Each team only had a few days before their first matchups of the season. There would be two games played a week and each game would last the duration of a recess block. Games would be played on Thursday and Friday, and the Friday game would be reserved for the more exciting matchup of the two that week. Rory referred to it as the primetime game.
As the week went on, Justin figured it was appropriate to post an article in the school newspapers regarding the Leopards - Soldiers primetime game and decided to center the article around the drama between the two teams’ quarterbacks.
Middle school drama was catastrophic for some of these kids; if anything, it was what fueled them to get to school in the mornings.
Both quarterbacks, Tate, and Milo, had solidified themselves into the popular crowd, and a big reason for it was because of their relationships they had with the queens of drama: Julie and Beth.
Tate and Julie had been together for as long as even they could remember. The two grew up across the street from each other, being introduced by their parents when they were only two years old. Tate tried everything to get her attention, and Julie pretended she didn’t like it. Eventually, the young boy worked up the courage to ask her to be his girlfriend. Rolling her eyes and hiding an innocent grin, she said yes.
As for Milo and Beth, they began dating in the summertime when Milo caught Beth’s attention at the country club down the street. Milo was caddying for a couple bigwigs who couldn’t break 100, while Beth lounged by the members-only pool.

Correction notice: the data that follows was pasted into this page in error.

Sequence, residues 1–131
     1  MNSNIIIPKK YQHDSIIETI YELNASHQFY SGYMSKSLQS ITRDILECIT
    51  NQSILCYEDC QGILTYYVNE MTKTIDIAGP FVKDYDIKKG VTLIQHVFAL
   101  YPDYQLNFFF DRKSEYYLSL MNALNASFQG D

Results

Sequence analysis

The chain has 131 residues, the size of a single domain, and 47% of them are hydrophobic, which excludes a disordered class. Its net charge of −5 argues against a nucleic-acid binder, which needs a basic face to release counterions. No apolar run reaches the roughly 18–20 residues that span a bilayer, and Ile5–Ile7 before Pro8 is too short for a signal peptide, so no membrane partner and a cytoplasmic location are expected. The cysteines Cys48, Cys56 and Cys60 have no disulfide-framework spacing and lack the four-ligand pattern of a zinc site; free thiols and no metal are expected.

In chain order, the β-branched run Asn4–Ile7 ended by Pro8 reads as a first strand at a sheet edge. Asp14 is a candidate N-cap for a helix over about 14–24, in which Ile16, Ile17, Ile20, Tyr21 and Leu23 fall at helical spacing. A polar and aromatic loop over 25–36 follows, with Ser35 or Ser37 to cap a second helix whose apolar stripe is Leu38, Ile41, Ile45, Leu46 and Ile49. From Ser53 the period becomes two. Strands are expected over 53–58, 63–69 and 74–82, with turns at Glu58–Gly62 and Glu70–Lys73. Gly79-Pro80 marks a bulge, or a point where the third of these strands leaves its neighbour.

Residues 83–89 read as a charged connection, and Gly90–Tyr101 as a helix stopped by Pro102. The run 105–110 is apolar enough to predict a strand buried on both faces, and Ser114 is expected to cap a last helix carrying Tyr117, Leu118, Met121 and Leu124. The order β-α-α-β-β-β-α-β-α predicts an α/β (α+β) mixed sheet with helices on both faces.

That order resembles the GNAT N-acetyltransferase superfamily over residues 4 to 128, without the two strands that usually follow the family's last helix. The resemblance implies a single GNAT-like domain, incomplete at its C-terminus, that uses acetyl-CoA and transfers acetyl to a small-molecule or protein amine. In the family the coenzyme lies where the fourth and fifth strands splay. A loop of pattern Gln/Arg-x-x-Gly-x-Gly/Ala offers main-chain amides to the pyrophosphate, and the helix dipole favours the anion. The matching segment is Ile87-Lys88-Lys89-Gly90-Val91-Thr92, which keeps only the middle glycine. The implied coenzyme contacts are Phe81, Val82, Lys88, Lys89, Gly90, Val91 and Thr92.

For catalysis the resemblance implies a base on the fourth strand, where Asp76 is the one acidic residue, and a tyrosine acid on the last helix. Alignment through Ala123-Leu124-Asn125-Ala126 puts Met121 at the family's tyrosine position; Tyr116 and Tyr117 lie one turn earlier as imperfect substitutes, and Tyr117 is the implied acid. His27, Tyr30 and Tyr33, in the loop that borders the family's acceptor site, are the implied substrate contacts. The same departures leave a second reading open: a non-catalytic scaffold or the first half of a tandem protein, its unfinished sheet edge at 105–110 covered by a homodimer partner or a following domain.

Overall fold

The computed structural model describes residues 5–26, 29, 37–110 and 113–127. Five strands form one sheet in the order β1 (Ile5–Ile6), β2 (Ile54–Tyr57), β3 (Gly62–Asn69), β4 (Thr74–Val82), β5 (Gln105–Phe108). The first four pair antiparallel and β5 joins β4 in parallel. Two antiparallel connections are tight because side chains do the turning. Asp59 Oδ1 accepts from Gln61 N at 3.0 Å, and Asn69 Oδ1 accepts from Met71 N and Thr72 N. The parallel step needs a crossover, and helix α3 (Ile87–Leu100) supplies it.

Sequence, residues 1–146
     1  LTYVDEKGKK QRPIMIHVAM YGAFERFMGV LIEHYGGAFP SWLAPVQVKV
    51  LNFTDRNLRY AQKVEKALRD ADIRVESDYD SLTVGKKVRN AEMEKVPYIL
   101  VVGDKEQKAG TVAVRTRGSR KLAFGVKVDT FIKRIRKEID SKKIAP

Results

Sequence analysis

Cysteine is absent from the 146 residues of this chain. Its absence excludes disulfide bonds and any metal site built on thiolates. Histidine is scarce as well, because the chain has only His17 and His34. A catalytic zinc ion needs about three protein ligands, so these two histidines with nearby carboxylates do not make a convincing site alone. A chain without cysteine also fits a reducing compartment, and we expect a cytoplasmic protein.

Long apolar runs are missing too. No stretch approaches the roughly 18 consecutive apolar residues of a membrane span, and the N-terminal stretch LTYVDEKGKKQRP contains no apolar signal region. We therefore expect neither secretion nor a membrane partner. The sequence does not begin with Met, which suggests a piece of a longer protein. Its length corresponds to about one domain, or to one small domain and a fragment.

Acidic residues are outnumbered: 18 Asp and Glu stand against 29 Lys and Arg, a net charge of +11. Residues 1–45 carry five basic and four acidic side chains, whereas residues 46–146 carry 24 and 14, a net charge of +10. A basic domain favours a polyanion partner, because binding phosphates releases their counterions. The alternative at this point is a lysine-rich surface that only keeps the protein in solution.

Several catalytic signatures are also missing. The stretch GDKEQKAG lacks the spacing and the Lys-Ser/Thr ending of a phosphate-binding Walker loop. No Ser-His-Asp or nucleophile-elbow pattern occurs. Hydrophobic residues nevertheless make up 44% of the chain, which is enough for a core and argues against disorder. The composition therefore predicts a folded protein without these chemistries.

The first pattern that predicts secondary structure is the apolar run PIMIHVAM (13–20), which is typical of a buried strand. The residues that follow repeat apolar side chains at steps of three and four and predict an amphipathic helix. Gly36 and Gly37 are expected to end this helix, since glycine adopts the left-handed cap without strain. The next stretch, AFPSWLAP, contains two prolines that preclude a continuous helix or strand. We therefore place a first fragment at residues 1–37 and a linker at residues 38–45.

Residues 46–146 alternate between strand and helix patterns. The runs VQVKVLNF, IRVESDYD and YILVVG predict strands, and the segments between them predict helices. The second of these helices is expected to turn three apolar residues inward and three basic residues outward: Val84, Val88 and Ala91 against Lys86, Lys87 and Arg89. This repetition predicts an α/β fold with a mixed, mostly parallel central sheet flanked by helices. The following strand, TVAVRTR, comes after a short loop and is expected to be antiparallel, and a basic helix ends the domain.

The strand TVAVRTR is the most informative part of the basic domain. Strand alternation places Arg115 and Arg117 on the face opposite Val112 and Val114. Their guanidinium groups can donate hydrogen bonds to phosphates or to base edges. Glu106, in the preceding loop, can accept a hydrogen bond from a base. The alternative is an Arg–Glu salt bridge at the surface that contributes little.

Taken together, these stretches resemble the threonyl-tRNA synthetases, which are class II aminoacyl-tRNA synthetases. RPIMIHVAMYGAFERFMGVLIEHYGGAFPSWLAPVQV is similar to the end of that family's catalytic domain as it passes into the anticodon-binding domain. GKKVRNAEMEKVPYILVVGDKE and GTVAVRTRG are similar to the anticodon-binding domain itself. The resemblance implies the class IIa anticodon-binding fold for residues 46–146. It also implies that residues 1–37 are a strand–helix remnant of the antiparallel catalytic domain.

When he walked off the 18th green, on the verge of collapsing from carrying two golf bags on his shoulders, Beth felt confident enough to wave at him.
Being both tired and shy, Milo ignored her and kept walking.
Eventually though, after countless interactions at the country club, Milo built up the courage and asked her on a date.
“Would it be okay if one day I could take you golfing?” he asked her.
She liked how respectful he was, a much different pace from her home life.
Her dad was a bitter, miserable, cold man. He was rich but hated his work, and successful, but unable to be happy.
Beth tried to look past his attitude; he always told her how stressful his work was, so she tried to understand. But Beth’s mother couldn’t tolerate it anymore and decided it was enough.
Meeting Milo was the best thing for Beth because it allowed her to escape from the technicalities of her parents’ divorce. They’d spend every day together that summer and Beth looked at Milo as her saving grace.
When school started again, the drama between Beth and Julie would return to full force and was bound to impact everyone involved. It all started the year before when Beth and Julie got into a fight at school. Like a literal fist fight.